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I started harness work with the sole purpose of it being just for my animals use, have never thought about going into it for anything other then a hobby. Anyway, I have a lady that that has inquired several times about making a driving bridle for her pony after she saw one of my bridles on social media. I've told her I'm just starting out and not really into selling, etc. She wants the exact bridle I made- how the heck do I even give her a price? I've looked at others for sale that are kind of similar but I'm not sure  how to  price it. I would have to hand sew the cheeks because I'm not happy with the way my machine sews them- it deflects on the back and I would not send something out that I wasn't happy with. I hand sew keepers  and I've decided the rounds I will be hand sewing from now on. We are talking a ton of work. I have absolutely no idea and have no interest in  giving my work away. Any thoughts? I have no clue how to price "custom" harness work and am beginning to think I'll just keep my "projects" to myself. Thanks! 

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I am glad to hear that you value your time and work enough to not give it away.  It is a common beginning pitfall (and also for some not-so-beginners) to underprice their work.  Look around at like products.  While your work, nor mine, will not demand the same price as the top makers in the industry, our customers should be at least be paying us a decent wage PLUS a markup on materials, PLUS enough to pay for our investment in the business.  I always figure if I can't at least make enough to equal the interest on the money I have invested, after I take a wage out and pay all expenses, then I either need to raise my prices or find something else to do.  Like products sell anywhere from $400 on up.  Personally, I wouldn't even think about it for less than $400, and if I actually broke down every minute I'd have in a bridle like that, it would probably be a lot more.  That eliminates 99.9% of the driving people in my area. . . they expect the whole harness for less than $400, but as you know, there IS a difference.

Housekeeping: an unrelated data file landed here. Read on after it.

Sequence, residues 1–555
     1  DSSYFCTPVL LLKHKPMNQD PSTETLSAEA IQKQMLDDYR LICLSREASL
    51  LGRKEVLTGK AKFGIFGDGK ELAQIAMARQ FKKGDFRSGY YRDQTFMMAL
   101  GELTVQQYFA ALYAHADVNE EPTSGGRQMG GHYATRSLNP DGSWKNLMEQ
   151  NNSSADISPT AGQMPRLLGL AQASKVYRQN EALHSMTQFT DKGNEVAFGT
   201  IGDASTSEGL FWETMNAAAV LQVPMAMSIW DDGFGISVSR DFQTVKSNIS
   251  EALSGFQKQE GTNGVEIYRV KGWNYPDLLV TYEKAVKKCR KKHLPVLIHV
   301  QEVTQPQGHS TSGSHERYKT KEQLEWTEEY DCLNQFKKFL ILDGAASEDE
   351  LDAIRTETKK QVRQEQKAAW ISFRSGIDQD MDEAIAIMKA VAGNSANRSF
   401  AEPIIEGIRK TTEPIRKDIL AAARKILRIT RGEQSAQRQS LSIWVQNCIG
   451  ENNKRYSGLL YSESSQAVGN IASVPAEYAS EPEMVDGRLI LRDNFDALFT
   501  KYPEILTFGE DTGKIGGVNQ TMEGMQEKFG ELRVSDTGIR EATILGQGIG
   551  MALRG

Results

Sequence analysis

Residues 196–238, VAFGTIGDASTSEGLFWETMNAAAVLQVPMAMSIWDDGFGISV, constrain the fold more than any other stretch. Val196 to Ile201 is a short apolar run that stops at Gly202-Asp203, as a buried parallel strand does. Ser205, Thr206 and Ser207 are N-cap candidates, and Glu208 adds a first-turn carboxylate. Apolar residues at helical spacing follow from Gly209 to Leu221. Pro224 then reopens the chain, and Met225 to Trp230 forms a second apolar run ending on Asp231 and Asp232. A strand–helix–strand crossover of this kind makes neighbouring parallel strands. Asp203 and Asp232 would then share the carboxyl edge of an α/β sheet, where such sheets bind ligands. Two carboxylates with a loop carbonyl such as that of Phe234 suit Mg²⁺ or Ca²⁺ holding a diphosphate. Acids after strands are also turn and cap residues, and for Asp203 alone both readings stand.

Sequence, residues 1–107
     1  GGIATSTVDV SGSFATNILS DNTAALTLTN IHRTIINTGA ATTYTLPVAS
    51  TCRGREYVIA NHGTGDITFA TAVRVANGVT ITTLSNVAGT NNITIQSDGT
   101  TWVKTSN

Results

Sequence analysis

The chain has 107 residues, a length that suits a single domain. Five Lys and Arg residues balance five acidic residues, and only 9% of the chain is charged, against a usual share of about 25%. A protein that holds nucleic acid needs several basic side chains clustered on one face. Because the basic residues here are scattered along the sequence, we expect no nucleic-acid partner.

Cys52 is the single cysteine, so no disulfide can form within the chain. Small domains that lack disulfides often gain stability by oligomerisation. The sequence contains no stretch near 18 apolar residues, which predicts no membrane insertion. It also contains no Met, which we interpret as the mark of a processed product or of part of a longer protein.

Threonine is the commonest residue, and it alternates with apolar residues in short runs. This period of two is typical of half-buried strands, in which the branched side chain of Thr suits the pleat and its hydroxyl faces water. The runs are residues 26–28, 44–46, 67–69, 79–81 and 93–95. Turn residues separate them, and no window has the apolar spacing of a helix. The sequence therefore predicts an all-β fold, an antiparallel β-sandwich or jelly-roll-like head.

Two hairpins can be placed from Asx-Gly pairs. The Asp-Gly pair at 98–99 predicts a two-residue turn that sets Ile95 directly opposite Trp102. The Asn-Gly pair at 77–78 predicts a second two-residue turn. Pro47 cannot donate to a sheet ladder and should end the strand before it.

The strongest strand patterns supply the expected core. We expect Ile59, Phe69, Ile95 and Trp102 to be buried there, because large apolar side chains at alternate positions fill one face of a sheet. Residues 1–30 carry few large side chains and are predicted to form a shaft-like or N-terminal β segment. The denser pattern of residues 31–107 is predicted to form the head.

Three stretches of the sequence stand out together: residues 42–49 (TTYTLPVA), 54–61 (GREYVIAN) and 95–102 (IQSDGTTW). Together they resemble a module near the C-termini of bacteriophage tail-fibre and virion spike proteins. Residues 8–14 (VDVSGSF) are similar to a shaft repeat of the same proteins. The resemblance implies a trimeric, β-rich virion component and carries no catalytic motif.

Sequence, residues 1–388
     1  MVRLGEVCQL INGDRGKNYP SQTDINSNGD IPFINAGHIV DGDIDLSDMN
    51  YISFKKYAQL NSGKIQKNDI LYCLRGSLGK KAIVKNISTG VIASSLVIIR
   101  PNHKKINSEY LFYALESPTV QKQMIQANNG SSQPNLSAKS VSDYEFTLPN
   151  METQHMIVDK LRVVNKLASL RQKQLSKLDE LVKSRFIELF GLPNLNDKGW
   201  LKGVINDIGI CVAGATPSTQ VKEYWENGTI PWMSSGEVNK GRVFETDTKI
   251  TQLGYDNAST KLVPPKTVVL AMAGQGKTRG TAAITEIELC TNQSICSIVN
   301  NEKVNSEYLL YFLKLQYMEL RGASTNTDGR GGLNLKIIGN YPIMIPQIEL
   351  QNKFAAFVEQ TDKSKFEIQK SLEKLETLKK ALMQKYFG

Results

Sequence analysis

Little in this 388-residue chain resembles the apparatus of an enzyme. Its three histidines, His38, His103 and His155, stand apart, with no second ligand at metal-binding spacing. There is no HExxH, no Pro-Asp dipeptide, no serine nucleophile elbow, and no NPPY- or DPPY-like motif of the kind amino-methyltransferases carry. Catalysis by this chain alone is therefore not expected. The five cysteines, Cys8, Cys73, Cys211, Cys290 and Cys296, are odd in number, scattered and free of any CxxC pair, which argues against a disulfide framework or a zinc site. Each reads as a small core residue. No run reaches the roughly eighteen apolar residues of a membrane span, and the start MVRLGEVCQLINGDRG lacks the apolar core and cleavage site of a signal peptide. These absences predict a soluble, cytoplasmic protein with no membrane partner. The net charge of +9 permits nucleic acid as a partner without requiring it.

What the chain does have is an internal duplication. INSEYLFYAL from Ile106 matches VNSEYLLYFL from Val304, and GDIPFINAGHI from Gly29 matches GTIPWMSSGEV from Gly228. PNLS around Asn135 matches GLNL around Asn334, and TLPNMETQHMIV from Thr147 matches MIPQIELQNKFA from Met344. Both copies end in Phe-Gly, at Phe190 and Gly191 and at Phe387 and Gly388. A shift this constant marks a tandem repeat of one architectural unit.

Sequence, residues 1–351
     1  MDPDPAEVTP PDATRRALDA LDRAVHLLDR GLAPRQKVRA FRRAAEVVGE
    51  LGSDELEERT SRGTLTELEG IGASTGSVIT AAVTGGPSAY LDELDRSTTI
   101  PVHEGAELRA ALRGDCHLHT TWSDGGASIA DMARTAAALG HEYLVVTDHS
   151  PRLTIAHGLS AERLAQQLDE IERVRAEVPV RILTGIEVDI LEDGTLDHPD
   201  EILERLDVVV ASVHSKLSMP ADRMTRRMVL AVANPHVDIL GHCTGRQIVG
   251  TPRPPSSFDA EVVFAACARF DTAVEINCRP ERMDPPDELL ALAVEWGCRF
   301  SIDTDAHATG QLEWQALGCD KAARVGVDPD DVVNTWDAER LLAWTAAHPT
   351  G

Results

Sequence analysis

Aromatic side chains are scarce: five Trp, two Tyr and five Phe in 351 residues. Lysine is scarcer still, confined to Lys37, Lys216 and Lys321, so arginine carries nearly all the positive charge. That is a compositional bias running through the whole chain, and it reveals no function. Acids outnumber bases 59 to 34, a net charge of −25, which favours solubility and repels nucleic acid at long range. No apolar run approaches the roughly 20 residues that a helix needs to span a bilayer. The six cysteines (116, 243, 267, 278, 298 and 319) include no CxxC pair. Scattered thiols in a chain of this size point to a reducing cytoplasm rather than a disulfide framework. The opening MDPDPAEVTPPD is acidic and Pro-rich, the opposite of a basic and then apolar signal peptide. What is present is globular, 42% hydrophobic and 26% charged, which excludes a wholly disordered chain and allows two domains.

Edited by Big Sioux Saddlery

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If someone SAW your work, and wants one "just like it", then I wouldnt' worry about "the way the machine" does it - it's apparently not objectionable.  Nothing dishonest or deceitful if they SEE and KNOW what they're getting.  You might just tell them that IF they want that done by hand, that would be extra dollar amount.

I make a point of NEVER pricing someone else's work for them, but I'm with Big Souix.. if I'm going to break even, I'm gonna figure I should have just gone fishin' ...

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Thank you Big Sioux and JSLeather for the input. It's difficult for me to price it because I'm so new, etc but I think I have a better understanding now. I really don't care if I get the job or not- I'm going to tell her a high price and see where it goes(she's east coast , by the way)  . I'm still going to hand stitch because I just cannot send out something that I personally wouldn't be happy with. Will update when and if I hear back from the "customer" :)

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God luck and good job. I have just gotten my first few commissions and I WAYYYYY undersold myself. I won't be doing it again. I turned out some pretty stellar work, imo, and let it go for almost what I had in it in materials :( Still being new, I almost don't feel worthy to ask more for it, so I cheated myself but my customer got a wallet that'll last him a good 10 years or more. Hopefully it'll come back in referrals?

 Please let us know how it goes and post lots of pics along the way. Tack/harnesses intimidate the heck out of me and I'd appreciate it immensely to see a build as it's happening.

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Now that it has finally happened it wont be long before you post "oops I did it again..." excellent work regardless of where you land your price will attract attention from others. Good luck with it and let us know how it all goes.